30 April 2010

Rhino Moth

Samanala Kanda (Butterfly Mountain) is another name for Sri Pada. There is a belief that butterflies go to the mountain to pay respect. Actually you find lot of butterflies in Peak Wilderness Area.

I did not see any butterflies at the top of the mountain but I saw hundreds of these peculiar moths. They were flying in numbers towards the mountain top and were resting at the top. In fact it looks like they have made their last journey there, as the fatigue of flying that altitude has made them extremely weary. I saw many of them fallen dead at the top of the mountain.

This particular moth, picked by one of us from the floor was a lucky one, as otherwise he would have definitely squashed by one of the passer-by. Doesn’t he look like a rhinoceros?


Betsy Banks Adams said...

Very interesting moth, K..... Interesting how they are drawn to the mountain...

Thanks for sharing.

Sankara Subramanian said...

Very interesting indeed. A first time for me to see a rhino moth...and he sure does have a small horn :-)

Kirigalpoththa said...

Some flies and moths are drawn to light sources.The path up the mountain is lit during night. Also the top of the mountain there is a temple and it is properly lit too. Perhaps these moths come after the light. this is just my thought. :)

I just named him that way cos of its rhino like antenna. :) Hope someone will identify this moth properly.

Thanks a lot :)

Thanks all for your comments!

rainfield61 said...

The life of little critters is always fragile. I can see many milliepedes have been squashed by anyone of us along my hiking trail.

NicoleB, Egypt said...

That's one cool looking moth. Darn :D
And a lucky one, as you say :)
I'm sure Karma pays back one day :)

Janith said...

Wow, lovely moth... certainly does look like a rhino! :D

Dee said...


Kirigalpoththa said...

Yes they face many dangers during their very short lifespan.

At least he might have lived hour or two longer :)

Hey, good to see you after some time. Nothing wrong me naming it that way.. right?

Thanks a lot!

Harshi said...

I too have heard of this legend from mom that there's a season for all the butterflies to visit the summit of Sri Pada mountain. And they gather from all corners of Lanka and meet up there. It'll be nice if someone does a research and find out what causes them to do so.

And it's my first time seeing this moth. It does have a tiny horn, so might be a distant cousin of the rhino family. =D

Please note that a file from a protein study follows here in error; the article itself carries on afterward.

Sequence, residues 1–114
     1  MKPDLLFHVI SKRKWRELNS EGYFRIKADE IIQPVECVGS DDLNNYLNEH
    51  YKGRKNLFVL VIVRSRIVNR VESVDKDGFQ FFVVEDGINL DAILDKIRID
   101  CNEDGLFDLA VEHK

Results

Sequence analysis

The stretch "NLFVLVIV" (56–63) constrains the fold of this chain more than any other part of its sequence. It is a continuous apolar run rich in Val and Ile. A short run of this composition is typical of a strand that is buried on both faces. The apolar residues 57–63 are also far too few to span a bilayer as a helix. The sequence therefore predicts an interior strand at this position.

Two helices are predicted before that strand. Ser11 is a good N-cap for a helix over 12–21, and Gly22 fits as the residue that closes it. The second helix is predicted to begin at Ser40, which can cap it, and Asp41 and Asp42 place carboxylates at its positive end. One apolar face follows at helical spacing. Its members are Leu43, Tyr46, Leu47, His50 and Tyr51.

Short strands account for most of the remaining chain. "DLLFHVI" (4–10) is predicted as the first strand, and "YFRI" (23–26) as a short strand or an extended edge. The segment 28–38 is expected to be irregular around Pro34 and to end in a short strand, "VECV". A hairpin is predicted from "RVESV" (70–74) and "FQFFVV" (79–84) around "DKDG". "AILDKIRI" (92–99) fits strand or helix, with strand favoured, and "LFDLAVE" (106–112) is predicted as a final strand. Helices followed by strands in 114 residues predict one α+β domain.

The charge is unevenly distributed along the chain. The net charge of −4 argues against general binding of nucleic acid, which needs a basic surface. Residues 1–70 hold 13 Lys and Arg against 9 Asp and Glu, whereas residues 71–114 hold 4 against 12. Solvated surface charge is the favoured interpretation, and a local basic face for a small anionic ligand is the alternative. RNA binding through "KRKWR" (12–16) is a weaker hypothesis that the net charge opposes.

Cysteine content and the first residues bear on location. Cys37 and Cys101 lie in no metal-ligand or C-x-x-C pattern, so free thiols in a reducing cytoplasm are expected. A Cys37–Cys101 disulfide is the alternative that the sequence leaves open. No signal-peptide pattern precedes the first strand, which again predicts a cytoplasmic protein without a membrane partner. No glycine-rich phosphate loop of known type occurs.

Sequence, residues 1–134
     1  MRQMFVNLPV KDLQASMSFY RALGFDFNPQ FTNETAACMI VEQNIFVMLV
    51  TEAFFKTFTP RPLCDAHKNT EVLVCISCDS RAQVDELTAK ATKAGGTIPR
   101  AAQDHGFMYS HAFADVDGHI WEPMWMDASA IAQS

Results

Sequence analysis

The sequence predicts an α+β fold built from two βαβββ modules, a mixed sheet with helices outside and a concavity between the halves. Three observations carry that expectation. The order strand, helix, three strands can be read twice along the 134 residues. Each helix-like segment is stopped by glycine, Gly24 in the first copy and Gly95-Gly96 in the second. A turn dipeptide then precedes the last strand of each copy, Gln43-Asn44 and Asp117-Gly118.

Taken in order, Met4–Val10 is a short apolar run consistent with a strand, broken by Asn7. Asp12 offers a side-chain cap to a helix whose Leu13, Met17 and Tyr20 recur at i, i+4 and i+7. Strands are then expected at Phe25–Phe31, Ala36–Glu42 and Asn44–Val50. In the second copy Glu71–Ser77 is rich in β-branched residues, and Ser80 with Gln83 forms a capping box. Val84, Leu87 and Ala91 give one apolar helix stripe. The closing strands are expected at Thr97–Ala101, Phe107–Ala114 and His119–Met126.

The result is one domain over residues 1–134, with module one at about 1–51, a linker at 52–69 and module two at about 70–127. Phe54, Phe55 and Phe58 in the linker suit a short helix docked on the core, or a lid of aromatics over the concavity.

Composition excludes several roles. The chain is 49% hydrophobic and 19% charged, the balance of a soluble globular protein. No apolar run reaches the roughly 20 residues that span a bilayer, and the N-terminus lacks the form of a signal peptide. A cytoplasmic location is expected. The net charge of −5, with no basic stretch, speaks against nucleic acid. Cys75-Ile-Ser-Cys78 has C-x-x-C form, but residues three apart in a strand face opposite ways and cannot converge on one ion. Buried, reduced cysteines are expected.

betchai said...

hahah, i had to look at the picture, again and again since the moth looked like a bat to me, beautiful and unique capture.

B i r g i t t a said...

Yes a little rhino :) how wonderful it is when the details are seen through the lense - I love macro :)

Anonymous said...

Unicorn moth!
Its caterpillars feed on corn leaves. Ha ha...

You saw any maize there?

Knatolee said...

We have moths like that here. Masters of camouflage!

Kirigalpoththa said...

Thanks for completing the 'story' about butterflies and Samanala Kanda. Also I hear there are more butterflies during Sri Pada season. I too think it is a good topic for a research.

Really? It has a funny wing. May be that is why you saw it like a bat. I think the moths are too nocturnal like bats.

Birgitta "foto CHIP",
Yes it is the rhino of bug world :)

Really? Thanks for that info. There are similar plants in nearby villages.

Glad to know that. It will be very difficult to spot them in the jungle.

Thanks for your comments.

Thanks all for your wonderful comments!

George said...

This is a fascinating moth. Thank you for the explanation of what might be drawing the moths to the mountain top.

Sharodindu said...

Be carefull ..they can hurt!
we here in bengal call it Maal poka...they fight with each other to take control of other's matet ;)

Willie a.k.a Reptoz said...

Nice shot of the butterfly. Anyway, I have added your link to my photography blog.

Kirigalpoththa said...

You are welcome :)

Thanks for the interesting trivia. They are bit nasty when it comes to mating habits..aren't they? :)

Thanks a lot for the link back :)

Wild Sri Lanka said...

Nice macro! very curious indeed,worth looking in to what really draws them there.

The Puppeteer said...

Neat pic! And yes, that moth looks prehistoric... like it's right from the permian period.

Kirigalpoththa said...

Wild Sri Lanka,
Yep, As Harumi mentioned it'll be a good research topic for a scientist.

Really! Are moths coming from that period? I am only good at identifying Jurassic reptiles thanks to Spielberg. :)

Loshini said...

I like his little feet if that's what you call them :D

Kirigalpoththa said...

They have branched out aren't they?
Thanks for the comments!